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For this Louisville Autism doctor, it's personal

His son was diagnosed with Autism at 7 years old. It wasn't long after when he shifted his specialty from epilepsy to autism in the search for answers.

LOUISVILLE, Ky. — One of Louisville's top autism doctors says he knows what it's like being the parent on the other end of the discussion. It's the reason why Dr. Gregory Barnes chose this field.

Autism looks different with every person it affects, from the way they learn, think and communicate. 

"It starts extremely early, usually in the six to 24 months stage," Dr. Barnes said.

People with autism can range from gifted to severely challenged. Dr. Barnes is there to make sure they're getting whatever help they need. He's a child neurologist at Norton Children's Autism Center who knows first-hand the struggles these families face. 

"Joshua has become a huge motivation," he said.

His son was diagnosed with Autism at 7 years old, though the signs began years earlier. It wasn't long after that Barnes shifted his specialty from epilepsy to autism in the search for more answers.  

"So, it was an opportunity for the last half of my career where I could impact families such as my own," Barnes said.

Today, about one in 54 children are diagnosed with Autism Spectrum Disorder (ASD). Barnes said the impact on services in our community is huge, resulting in better IQs, thinking skills and behavior.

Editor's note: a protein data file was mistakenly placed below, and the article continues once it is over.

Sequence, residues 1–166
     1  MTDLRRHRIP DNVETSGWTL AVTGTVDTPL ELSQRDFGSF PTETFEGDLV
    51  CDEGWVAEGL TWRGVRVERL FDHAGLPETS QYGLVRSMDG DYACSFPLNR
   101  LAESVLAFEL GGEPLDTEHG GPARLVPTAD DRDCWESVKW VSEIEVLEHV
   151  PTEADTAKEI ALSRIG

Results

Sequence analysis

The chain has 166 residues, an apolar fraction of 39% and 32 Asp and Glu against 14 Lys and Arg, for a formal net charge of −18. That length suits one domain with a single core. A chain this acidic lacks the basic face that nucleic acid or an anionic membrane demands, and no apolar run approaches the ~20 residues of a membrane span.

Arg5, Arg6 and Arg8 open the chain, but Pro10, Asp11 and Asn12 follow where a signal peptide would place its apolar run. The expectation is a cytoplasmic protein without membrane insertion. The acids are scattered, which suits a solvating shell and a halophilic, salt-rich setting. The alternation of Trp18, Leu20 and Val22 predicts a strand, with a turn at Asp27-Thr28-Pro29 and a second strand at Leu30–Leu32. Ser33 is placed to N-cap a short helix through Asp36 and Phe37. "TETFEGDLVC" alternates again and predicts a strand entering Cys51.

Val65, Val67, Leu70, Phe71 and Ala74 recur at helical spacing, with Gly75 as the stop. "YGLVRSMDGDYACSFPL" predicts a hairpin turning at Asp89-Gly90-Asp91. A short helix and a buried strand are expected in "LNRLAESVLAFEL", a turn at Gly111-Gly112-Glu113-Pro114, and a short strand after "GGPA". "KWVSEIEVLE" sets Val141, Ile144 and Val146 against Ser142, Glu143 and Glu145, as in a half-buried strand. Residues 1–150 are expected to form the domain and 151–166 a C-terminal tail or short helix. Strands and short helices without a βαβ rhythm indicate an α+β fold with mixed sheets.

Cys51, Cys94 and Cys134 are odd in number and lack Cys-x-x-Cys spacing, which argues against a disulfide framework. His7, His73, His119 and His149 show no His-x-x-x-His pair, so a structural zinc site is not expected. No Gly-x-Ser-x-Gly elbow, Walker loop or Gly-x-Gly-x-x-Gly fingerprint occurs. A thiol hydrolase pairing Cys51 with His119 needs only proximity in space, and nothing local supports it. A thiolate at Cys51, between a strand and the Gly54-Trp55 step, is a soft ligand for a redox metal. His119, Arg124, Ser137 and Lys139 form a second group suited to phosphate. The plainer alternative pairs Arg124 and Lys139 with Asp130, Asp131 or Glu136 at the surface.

"From a functional standpoint, you're talking about not being able to live independently, to living independently, hold a job and possibly even have a family," Barnes said.

Often times, once someone with autism turns 21, a lot the of help they received before stops.

"It totally turns your world around," Kaye Barnes, Joshua's mom said.

As a mother, she said it can be overwhelming and isolating.

"You don't have time to seek services and do the paperwork and phone calls that are required to get services from the state that are available and it's really important to do that," Kaye Barnes said.

Her husband is part of a network of dozens of agencies at the state level that make up the Kentucky Advisory Council on Autism, connecting families with the best help in their area. Barnes admits, there's a lot more ground to cover, but doesn't plan on stopping any time soon.

"If I can be a part of the solution, it's extremely gratifying," Dr. Barnes said.

Contact reporter Brooke Hasch atbhasch@whas11.com. Follow her onTwitter (@WHAS11Hasch) andFacebook.

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